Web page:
Do the desirable effects outweigh the undesirable effects? The Work Group concluded that the potential desirable effects of an additional mRNA COVID-19 vaccine dose outweigh the undesirable effects, including theoretical risks.

Values and Acceptability

Values
Criteria Evidence Additional Information
Does the target population feel that the desirable effects are large relative to undesirable effects? A new survey by STAT and The Harris Poll, which polled 2,028 U.S. adults between March 25th and 27th, finds 6 in 10 Americans have already decided they will get another booster if it’s recommended for them. Just under one-quarter of U.S. adults indicated they will only receive a second booster shot if a new variant arises or there is a surge in COVID-19 cases in their area; and 18% have no plans to get a booster at all. Additionally, 73% of baby boomers – those 57 years and older – plan to get a booster, if recommended, compared with 48% of Gen Z’ers, who are between 18 and 24 years old. Among those polled, 54% of Black, non-Hispanic respondents and 43% of Hispanic individuals would get another booster, compared with 73% of Asian, non-Hispanic individuals and 65% of White, non-Hispanic respondents.1

An ongoing survey by the CDC and University of Iowa/RAND Corporation was designed to assess attitudes and intentions for additional COVID-19 vaccine doses among 1,412 “boosted” U.S. adults aged 50 years and older. The purposes of conducting this survey were to:

  1. Assess vaccination intentions for a 2nd COVID-19 vaccine booster in the next 4 months among boosted, U.S. adults aged 50 years and over
  2. Assess barriers toward receiving a 2nd COVID-19 vaccine booster
  3. Assess vaccination intentions for receiving another COVID-19 vaccine now and in the Fall2

In relation to vaccination intentions for a 2nd COVID-19 vaccine booster, 82% of survey respondents “definitely” or “probably” will get a 2nd booster dose in the next 4 months; and 68% of respondents intending to get a 2nd booster reported they would get the currently available booster.2

In reference to vaccination intentions for receiving another COVID-19 vaccine now and in the Fall, 70% of respondents said they would get a COVID-19 booster now and again in the Fall. However, 10% of respondents said they would get a COVID-19 booster either now or in the Fall, but not both. The emergence of new variants, preventing the spread to others, and increased severity of cases were among the top reasons for receiving another booster. Additionally, a strong healthcare provider recommendation was influential in the decision to receive another COVID-19 vaccine booster.2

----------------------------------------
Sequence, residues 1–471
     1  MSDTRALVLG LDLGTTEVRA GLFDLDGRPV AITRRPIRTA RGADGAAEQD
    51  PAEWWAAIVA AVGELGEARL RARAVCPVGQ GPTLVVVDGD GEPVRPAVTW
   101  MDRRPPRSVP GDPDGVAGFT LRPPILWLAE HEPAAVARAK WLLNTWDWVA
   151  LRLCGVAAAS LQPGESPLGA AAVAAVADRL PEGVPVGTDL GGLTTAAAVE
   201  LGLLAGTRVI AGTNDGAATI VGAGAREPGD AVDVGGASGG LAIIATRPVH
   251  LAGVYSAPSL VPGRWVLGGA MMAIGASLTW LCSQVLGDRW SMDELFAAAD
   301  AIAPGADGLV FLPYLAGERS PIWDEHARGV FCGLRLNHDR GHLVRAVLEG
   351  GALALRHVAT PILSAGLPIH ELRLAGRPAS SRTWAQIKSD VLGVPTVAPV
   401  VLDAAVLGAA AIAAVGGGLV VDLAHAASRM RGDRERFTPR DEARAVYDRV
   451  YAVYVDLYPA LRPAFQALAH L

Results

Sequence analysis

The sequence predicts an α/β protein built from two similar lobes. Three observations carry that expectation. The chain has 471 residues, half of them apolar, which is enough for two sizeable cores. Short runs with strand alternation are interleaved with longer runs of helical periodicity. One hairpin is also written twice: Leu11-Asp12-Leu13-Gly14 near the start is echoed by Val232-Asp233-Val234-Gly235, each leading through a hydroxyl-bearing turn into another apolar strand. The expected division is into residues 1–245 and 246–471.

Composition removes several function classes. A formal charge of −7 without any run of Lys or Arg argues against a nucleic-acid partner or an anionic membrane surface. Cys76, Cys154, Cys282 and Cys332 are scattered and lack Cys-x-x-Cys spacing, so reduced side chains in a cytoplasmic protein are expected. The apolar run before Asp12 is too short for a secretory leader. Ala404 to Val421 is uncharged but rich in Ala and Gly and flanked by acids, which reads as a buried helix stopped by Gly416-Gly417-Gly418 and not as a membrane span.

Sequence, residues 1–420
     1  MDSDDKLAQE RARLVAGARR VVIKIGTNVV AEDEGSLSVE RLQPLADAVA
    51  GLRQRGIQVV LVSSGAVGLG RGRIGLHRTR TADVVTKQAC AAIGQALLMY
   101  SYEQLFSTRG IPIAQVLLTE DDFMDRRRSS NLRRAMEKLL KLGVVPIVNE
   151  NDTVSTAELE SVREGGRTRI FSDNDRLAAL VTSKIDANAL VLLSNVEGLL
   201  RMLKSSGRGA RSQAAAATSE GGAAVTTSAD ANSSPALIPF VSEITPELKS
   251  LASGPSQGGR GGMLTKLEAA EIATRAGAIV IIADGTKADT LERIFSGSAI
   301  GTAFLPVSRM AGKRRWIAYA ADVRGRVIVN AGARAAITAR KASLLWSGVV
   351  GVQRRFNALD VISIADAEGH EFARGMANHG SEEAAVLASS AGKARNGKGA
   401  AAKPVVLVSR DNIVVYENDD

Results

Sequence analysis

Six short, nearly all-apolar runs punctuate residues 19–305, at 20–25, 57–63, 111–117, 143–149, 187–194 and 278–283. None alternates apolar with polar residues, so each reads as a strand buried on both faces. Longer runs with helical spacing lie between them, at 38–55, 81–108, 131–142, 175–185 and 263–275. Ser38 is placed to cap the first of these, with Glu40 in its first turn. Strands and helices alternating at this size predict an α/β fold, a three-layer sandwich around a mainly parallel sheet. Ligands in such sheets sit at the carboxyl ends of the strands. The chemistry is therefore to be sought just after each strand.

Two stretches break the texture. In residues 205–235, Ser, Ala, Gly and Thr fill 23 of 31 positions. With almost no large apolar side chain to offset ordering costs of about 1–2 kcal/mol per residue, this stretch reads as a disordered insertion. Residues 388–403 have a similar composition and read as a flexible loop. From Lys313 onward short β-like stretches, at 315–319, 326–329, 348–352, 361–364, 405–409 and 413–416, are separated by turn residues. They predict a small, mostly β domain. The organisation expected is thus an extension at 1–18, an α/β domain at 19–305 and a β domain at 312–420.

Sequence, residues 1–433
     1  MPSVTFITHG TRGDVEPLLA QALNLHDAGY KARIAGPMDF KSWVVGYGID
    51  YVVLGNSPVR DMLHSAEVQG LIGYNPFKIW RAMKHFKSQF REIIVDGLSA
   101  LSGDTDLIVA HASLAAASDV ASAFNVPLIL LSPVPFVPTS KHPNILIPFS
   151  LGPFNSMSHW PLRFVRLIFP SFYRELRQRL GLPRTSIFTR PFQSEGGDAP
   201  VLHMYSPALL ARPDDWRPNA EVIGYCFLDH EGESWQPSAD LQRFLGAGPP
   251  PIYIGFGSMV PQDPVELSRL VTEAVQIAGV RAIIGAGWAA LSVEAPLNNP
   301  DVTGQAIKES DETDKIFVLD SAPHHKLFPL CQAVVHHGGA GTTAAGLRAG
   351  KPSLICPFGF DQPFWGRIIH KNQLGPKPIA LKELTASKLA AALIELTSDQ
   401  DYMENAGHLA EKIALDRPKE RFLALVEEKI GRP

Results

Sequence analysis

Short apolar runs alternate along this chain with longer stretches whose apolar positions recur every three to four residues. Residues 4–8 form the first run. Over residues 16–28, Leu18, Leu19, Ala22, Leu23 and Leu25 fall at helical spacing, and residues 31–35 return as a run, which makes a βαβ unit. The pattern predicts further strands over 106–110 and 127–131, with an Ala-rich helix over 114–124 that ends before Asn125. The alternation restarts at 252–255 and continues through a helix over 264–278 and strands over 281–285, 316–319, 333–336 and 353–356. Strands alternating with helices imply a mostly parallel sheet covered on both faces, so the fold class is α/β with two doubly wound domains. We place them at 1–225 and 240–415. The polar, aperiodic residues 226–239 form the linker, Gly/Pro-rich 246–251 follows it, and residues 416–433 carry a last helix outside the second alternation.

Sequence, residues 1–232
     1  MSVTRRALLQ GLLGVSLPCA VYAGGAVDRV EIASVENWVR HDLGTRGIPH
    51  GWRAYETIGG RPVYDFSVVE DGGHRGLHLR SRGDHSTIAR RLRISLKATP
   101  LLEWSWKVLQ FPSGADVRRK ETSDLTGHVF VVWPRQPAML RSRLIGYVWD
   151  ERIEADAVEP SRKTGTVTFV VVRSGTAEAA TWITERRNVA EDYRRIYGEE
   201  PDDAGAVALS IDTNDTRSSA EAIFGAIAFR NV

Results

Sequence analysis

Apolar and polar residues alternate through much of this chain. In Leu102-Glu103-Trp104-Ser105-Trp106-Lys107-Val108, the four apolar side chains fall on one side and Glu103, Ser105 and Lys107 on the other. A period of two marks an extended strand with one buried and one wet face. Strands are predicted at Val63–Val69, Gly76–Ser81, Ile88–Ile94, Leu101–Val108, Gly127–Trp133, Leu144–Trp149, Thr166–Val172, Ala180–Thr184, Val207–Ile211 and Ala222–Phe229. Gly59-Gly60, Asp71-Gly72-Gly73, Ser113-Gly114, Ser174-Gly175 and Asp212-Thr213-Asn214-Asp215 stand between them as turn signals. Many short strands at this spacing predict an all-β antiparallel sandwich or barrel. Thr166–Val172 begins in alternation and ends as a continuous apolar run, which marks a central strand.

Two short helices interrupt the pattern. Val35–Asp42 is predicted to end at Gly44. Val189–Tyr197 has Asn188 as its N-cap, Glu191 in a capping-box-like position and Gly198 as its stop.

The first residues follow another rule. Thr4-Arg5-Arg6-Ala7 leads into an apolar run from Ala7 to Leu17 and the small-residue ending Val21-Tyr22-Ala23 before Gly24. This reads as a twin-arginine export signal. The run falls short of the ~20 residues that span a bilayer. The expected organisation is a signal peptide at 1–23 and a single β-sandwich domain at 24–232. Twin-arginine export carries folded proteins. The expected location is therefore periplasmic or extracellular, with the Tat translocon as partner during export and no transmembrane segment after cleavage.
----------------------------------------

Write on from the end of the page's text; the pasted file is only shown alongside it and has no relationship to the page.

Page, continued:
Is there important uncertainty about or variability in how much people value the main outcomes? Regarding vaccination intentions for a 2nd COVID-19 vaccine booster, 19% of respondents intending to get a 2nd booster reported they would wait for a new booster that protects against variants. Beliefs related to another dose of the currently available vaccines not providing additional protection was the primary reason given for not wanting a 2nd COVID-19 booster, with 31% of respondents indicating they have enough protection from previous doses. Furthermore, 24.1% are waiting for a new booster and 18.4% feel that boosters are not effective. Conclusively, 86% of respondents “definitely” or “probably” would get a 2nd booster dose if a new COVID vaccine that protects against variants became available.2

Feasibility and Implementation

Feasibility
Criteria Evidence Additional Information
Is the intervention feasible to implement? Among people who are fully vaccinated, approximately 52% of people ages 50-64 years and 67% of people ages 65 years and older have received a COVID-19 vaccine booster dose. At the time of authorization, approximately 30 million people were eligible (at least 4 months after their previous dose), which was nearly 10 million eligible individuals ages 50-64 years and around 20 million individuals ages 65 years and older. Based on timing of recommendations, people with immunocompromised conditions would not be eligible for a second booster (5th total dose) until May 13, 2022, at the earliest.